Predatory journals and questionable conferences
Many open journals cover their costs by charging a publishing fee. Some people exploit this by establishing false Open Access journals, Predatory journals. Recently a similar development is manifesting itself in conferences. These journals and conferences share a common feature of not following good academic practices for research and publishing.
How to avoid being scammed?
- Search for the journal in DBHs publication channel list. The journals listed have been quality assured by an academic committee and journals should be approved as level one or two. Note, it is possible to nominate titles for review.
- Search for the journal in the Directory of Open Access Journals (DOAJ). The journals listed have been quality assured by members of the DOAJ editorial board.
- Check with colleagues to see if they have published in the journal, or if they read it regularly.
- See the website Think. Check. Submit. for more comprehensive information.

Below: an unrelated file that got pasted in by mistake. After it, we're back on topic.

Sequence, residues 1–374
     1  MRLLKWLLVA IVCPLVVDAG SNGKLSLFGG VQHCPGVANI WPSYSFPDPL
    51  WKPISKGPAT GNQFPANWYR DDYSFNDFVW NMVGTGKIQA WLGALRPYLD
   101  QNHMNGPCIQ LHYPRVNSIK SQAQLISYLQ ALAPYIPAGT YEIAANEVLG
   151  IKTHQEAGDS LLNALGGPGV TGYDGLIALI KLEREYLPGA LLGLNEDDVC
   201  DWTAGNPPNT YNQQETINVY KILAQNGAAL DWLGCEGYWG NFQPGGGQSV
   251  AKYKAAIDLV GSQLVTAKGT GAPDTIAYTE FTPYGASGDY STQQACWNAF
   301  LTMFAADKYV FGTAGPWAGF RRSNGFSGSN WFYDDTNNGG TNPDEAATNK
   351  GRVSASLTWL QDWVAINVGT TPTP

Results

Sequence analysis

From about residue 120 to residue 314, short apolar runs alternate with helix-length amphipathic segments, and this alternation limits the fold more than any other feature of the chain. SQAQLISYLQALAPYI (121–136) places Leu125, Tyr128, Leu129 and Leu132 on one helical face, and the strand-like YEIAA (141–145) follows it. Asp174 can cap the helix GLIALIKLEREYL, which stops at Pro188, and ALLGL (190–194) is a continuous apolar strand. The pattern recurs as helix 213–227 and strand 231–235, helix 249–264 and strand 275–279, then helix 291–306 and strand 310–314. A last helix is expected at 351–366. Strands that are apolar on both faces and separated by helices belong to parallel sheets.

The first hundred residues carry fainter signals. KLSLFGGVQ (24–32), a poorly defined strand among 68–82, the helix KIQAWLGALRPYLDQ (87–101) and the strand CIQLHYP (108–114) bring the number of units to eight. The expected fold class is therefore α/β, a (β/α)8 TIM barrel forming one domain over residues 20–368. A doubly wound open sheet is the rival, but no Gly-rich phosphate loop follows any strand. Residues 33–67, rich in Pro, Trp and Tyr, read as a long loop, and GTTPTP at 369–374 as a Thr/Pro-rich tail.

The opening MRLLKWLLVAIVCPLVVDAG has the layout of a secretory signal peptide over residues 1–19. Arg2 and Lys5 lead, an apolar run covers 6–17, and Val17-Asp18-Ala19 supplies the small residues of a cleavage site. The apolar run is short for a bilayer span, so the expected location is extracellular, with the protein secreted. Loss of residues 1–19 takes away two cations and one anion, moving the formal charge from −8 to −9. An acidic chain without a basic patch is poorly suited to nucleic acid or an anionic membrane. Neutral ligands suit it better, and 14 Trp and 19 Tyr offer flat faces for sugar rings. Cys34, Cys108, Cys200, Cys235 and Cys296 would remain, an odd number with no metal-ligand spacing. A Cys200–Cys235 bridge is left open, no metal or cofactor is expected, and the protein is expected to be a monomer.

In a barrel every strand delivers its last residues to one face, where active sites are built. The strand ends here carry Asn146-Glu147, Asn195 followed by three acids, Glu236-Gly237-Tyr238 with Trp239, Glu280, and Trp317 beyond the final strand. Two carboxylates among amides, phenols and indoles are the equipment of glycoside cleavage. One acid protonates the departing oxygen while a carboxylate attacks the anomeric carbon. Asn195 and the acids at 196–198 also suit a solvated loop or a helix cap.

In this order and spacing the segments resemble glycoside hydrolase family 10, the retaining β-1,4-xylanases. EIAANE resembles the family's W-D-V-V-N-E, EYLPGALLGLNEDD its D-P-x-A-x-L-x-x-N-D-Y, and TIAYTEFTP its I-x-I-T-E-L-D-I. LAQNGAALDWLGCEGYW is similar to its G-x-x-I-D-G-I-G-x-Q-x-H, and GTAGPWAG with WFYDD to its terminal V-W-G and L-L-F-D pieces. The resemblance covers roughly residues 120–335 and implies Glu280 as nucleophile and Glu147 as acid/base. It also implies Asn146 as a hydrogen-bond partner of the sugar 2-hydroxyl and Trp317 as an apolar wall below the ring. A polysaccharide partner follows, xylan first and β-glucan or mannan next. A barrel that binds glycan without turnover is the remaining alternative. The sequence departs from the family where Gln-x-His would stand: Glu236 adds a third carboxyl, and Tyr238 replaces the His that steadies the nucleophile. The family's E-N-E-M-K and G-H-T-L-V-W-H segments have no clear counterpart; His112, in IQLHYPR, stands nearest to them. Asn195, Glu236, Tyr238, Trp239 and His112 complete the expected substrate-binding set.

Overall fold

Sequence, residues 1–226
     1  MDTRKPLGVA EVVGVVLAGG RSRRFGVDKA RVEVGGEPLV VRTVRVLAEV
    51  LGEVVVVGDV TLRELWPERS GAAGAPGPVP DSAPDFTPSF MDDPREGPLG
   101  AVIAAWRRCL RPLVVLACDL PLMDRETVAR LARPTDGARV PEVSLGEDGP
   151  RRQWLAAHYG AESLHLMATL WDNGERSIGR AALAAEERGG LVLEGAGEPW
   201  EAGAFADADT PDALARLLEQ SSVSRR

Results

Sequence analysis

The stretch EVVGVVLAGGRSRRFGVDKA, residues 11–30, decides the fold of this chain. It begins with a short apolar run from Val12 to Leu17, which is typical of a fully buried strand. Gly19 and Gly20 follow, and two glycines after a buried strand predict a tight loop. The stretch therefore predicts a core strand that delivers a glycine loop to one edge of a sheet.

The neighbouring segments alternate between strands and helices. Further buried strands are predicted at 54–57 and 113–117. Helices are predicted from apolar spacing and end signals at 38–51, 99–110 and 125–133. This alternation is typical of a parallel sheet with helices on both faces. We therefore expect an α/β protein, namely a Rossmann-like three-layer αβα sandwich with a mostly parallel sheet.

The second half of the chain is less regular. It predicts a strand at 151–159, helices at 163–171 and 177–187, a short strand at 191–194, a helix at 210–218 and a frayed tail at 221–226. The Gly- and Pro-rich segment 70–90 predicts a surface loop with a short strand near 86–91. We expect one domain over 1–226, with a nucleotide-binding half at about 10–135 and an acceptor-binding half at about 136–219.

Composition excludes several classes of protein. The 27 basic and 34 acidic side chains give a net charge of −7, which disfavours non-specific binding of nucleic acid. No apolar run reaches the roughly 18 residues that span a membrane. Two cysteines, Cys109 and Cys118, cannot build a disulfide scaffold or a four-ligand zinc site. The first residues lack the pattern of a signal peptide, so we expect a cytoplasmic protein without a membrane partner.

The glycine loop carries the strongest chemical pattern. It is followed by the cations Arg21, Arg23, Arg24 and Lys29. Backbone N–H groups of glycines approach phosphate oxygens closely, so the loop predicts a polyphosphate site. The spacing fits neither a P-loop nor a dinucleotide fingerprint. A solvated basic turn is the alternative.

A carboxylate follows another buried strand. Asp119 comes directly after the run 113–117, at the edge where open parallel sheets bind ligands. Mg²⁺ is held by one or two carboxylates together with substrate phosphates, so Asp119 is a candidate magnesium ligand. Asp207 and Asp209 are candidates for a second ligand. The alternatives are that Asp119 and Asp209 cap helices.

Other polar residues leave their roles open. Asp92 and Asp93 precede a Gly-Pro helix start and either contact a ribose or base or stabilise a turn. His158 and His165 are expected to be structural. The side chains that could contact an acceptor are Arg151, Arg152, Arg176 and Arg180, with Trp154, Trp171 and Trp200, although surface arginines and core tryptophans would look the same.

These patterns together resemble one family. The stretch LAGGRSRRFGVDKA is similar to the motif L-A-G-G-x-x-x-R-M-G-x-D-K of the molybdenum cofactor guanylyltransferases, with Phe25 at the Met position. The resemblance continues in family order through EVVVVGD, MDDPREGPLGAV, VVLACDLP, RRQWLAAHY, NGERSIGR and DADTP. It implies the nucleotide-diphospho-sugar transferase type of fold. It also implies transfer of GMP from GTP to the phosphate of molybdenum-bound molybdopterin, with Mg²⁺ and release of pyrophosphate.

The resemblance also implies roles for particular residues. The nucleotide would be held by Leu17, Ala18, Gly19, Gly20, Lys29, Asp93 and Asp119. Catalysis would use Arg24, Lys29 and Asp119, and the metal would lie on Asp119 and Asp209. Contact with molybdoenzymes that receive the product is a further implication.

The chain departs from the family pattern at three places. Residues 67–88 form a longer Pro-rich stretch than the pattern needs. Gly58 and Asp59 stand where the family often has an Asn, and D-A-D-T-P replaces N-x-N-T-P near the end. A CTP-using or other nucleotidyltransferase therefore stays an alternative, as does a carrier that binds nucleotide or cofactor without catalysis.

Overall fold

- Many predatory publishers are very active in contacting researchers with offers and invitations to publish.
- Do a Google search for the title of the journal plus the term "predatory". Other people often write about their experiences with the journal.
- Check with colleagues to see if they have attended the conference in question.
- Check Think. Check. Attend for more information about how to reveal questionable and misleading conferences.
- Many questionable conferences are very active in contacting researchers with invitations to attend and present.
- Do a Google search for the conference title, organiser etc. Other people often write about their experiences with scam conferences.
Send an email to: firstname.lastname@example.org